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Structure-Activity Relationships. Drug Design. Barbiturates - . pharmacological and structural class. usually administered as salts. Modifications. Uses: sedative hypnotic antianxiety. An Antiischemic, Bradycardic Therapeutic Agent. bradycardia - slowed heartbeat.

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slide2

Barbiturates -

pharmacological and structural class

usually administered as salts

Modifications

  • Uses:
    • sedative
    • hypnotic
    • antianxiety
slide3

An Antiischemic, Bradycardic Therapeutic Agent

bradycardia - slowed heartbeat

ischemia - condition in which the heart is deprived of oxygen and toxic metabolites cannot be removed.

[Ca2+] very low in the cytosol.

Ca2+-channels allow movement of calcium ions away from myosin to control muscle contraction.

This drug would slow down the heart rate in order to decrease the oxygen demand. However, it is not desirable to lower the contractile force. Existing calcium-channel blocking drugs, while inducing bradycardia, also decrease the contractile force. This can lead to congestive heart failure.

slide4

Therapeutic goals -

reduce heart rate, maintain contractile force, increase duration of action

calcium-channel blocker

slide6

Cardiac Stimulant

  • Uses -
    • antiarrhythmic
    • prevent postmyocardial infarction
  • disadvantages include
    • I.V. administration (titration)
    • rapid biotransformation (t1/2 = 1.5-2 hours)
    • CNS toxicity

Therapeutic goals -

  • oral administration
  • longer duration
  • separation of CNS toxicity from antiarrhythmia
  • patentable
slide8

Conclusions:

    • increase in lipophilicity leads to an increase in potency
    • increase in pKa leads to a decrease in toxicity
    • don’t discount toxic side effects
slide9

Lipinski’s Rule of 5 - a drug candidate will not be a good candidate

for oral bioavailability if:

  • There are more than 5 H-bond donors.
  • The molecular weight is over 500.
  • The LogP is over 5 (LogP refers to the octanol-water partition coefficient, calculated based on MDL\'s QSAR program).
  • There are more than 10 H-bond acceptors.
  • Number of rotatable bonds >10.

B.S.SF State

Ph.D. Berkeley

postdoc Cal Tech

Christopher Lipinski (Pfizer)

screened >2300 compounds to develop the four characteristics

quickly adopted by pharmaceutical companies for early ADME

E.B. Hersherg Award for Important Discoveries in Medicinally Active Substances(2004); 2004 ACS Division of Medicinal Chemistry Award

slide10

fragment-based scaffolding

Fragments of Active Structures (FAST®) - SGX Pharmaceuticals

  • Use of library of small molecule (<300 D)
  • Crystallographic screening of shape-diverse mixtures of fragments to identify those bound to the protein target of interest.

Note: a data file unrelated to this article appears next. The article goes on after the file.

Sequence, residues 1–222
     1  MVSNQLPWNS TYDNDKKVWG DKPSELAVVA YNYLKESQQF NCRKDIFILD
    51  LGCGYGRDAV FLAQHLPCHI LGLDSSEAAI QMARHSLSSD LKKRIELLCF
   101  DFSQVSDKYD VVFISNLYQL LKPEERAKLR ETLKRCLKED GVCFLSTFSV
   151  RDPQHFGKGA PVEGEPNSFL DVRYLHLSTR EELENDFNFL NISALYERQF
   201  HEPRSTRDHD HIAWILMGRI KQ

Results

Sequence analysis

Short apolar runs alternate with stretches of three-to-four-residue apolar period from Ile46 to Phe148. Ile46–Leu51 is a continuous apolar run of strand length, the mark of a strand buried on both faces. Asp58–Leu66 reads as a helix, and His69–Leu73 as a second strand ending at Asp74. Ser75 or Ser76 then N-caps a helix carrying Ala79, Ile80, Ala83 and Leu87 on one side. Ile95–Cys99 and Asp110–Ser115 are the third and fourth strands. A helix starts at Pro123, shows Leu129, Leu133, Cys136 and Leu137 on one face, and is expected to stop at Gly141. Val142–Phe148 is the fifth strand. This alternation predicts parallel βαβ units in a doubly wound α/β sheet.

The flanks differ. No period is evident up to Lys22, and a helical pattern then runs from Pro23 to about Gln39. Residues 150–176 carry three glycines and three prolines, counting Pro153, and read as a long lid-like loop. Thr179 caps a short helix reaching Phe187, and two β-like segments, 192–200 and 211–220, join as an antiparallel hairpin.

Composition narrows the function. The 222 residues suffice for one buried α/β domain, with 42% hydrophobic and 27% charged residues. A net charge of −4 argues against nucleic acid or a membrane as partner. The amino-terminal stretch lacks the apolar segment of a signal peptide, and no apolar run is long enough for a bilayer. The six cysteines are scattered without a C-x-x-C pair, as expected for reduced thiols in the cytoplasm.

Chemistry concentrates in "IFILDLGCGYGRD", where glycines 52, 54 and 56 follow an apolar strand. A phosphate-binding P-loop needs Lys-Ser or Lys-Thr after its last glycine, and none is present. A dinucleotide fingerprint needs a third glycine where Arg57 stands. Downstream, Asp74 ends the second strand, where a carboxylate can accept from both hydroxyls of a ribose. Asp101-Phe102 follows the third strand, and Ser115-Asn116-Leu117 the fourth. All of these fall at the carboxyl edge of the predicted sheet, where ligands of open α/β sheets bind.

• Utilization of structurally accessible synthetic handles for virtual construction of “linear” elaborated libraries.
  • Computational analysis of these virtual libraries to identify those with favorable calculated binding free energies.
  • Linear and combinatorial library synthesis.
  • Biochemical analysis followed by selection of key analogs for analysis with protein:ligand crystal structures.
  • Iterative synthesis of additional compounds based on structural, novel chemical space, and synthetic reasons to optimize lead series.
slide11

fragment-based scaffolding

SGX Pharmaceuticals

Developed a library of small molecules (fragments)

used to produce lead compounds.

1400 fragments - 140 shape-diverse pools

slide13

fragment-based scaffolding

Targets

kinases

phosphatases

nuclear receptors

polymerases

proteases

active sites, allosteric sites, new(novel) sites

Techniques

X-ray crystallography (binding)

Enthalpy Array (H of ligand binding)

Nanocalorimetry

SPR -plasmon resonance (kinetics of ligand binding)

slide14

Nano-calorimetry - enthalpy array

Scripps PARC Institute

enthalpy of ligand binding

http://www.parc.com/research/projects/enthalpyarray/images/fig-01a-lg.jpg

slide15

Nano-calorimetry - enthalpy array

http://www.parc.com/research/projects/enthalpyarray/images/fig-01a-lg.jpg

slide16

Plasmon Resonance

sample

http://employees.csbsju.edu/hjakubowski/classes/ch331/bind/olbindderveq.html

slide19

Computer-assisted analysis of carcinogenicity

QSAR/QSPR

(quantitative structure-activity relationship)

(quantitative structure-property relationship)

molecular descriptors

physiochemical parameters

topological

geometry

electron density

slide23

Drug X’

enantiomer of X

Drug X

D

D

C

A

A

C

B

B

E

E

F

F

Formulations, Durability, Optical Isomerism

physical state

physical properties

chemical stability

formulation compatibility

receptor

receptor

A,F –hydrogen bond donors

B,E– hydrogen bond acceptors

C– hydrophobic group

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